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MIT-led project wins NSF funding for microchip sustainability research


Following on from a successful Phase 1, the FUTUR-IC project has advanced to Phase 2 of the US National Science Foundation (NSF) Convergence Accelerator programme, winning a further $5 million to research sustainability across three dimensions of technology, ecology, and workforce, with a focus on electronic-photonic integration

The microchips behind everything from smartphones to medical imaging can be traced to about 500 megatonnes of CO2-eq lifetime emissions in 2021, and every year the world produces more than 50 million tonnes of electronic waste. Further, the huge datacentres necessary for complex computations like on-demand video, are growing and will require ten percent of the world's electricity by 2030.

“This is neither scalable nor sustainable, and cannot continue,” says Anuradha Murthy Agarwal, a principal research scientist at MIT's Materials Research Laboratory.

This is why Agarwal and colleagues have formed FUTUR-IC, a new Global Alliance for Sustainable Microchip Manufacturing, to research novel high-performance electronic-photonic integration technology while targeting circularity, with a STEM-trained green innovative workforce.

FUTUR-IC is the result of funding from the National Science Foundation (NSF) Convergence Accelerator's Track I: Sustainable Materials for Global Challenges, headed by Program Director Linda Molnar. It is aimed at solving especially compelling societal or scientific challenges to sustainability using a multi-disciplinary approach that both captures the full product life cycle through the advancement of fundamental science, and uses circular design to create environmental and economically sustainable materials and products.

On 15 December 2023 the NSF Convergence Accelerator announced that FUTUR-IC has advanced to Phase 2 of the programme. The new funding – $5 million over three years – will support ongoing research across the three dimensions of technology-ecology-workforce conceived during Phase 1.

FUTUR-IC, a reference to the future of integrated circuits, brings together stakeholders from industry, academia, and government. The market for microelectronics in the next 10 years is predicted to be on the order of $1 trillion, but most of the manufacturing supply chain for the industry resides only in limited geographical pockets around the world. FUTUR-IC aims to diversify and strengthen the supply chain for manufacturing and packaging of electronics and photonics.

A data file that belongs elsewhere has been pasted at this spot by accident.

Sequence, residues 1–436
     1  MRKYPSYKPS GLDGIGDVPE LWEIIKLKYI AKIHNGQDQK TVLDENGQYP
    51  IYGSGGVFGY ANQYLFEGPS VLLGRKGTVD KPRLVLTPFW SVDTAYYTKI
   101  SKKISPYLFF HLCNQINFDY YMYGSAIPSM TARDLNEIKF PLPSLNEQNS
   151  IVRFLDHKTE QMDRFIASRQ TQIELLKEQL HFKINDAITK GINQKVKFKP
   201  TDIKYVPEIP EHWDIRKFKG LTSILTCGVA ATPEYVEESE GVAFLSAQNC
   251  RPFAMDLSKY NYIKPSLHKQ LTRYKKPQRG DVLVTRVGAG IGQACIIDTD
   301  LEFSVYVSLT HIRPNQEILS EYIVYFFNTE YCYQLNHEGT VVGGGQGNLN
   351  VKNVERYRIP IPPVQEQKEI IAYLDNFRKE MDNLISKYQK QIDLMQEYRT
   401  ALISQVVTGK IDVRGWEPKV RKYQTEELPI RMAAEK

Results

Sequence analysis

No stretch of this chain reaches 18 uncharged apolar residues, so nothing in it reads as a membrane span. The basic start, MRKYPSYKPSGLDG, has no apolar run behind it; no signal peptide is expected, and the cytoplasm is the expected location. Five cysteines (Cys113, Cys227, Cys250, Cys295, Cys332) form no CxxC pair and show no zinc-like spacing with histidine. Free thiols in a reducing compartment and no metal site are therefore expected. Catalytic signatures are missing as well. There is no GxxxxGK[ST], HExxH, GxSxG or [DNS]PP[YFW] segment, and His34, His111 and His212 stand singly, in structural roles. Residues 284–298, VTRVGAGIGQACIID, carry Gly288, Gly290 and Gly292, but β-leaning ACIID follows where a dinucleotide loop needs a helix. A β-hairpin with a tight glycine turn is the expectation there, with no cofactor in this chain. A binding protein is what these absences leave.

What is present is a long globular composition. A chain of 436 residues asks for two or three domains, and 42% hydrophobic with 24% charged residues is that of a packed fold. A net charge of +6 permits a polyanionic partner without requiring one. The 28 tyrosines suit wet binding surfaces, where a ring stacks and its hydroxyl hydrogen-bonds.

The alliance already has 26 collaborators, and is growing. Current external collaborators include the International Electronics Manufacturing Initiative (iNEMI), Tyndall National Institute, SEMI, Hewlett Packard Enterprise, Intel, and the Rochester Institute of Technology.

Technology, Ecology, and Workforce

FUTUR-IC is organised into three dimensions – Technology, Ecology, and Workforce – that were defined with the help of feedback from some 140 stakeholders during Phase 1 of this NSF Convergence Accelerator programme.

“We have become accustomed to the benefits forged by the exponential growth of microelectronic technology performance and market size,” says Lionel Kimmerling, director of MIT’s Materials Research Laboratory and co-director of the MIT Microphotonics Center. “The ecological impact of this growth in terms of materials use, energy consumption and end-of-life disposal has begun to push back against this progress. We believe that concurrently engineered solutions for these dimensions will build a common learning curve to power the next 40 years of progress in the semiconductor industry.

“Dr Agarwal has uniquely created the vision and pathway to maintain technology growth using electronic-photonic integration, and reduce ecological footprint with lower energy consumption, use of legacy nodes for photonics, and easier access to repair and disassembly due to longer interconnects enabling spatially separable components. Her energy, collegiality, and leading-edge contributions to the science of chipmaking have combined to build the research teams that underlie the FUTUR-IC Global Alliance for Sustainable Microchip Manufacturing. The Alliance is fortunate to have her leadership and her vision to guide Technology, Ecology and Workforce into the next stage for the industry.”

Image credit: FUTUR-IC, a new Global Alliance for Sustainable Microchip Manufacturing

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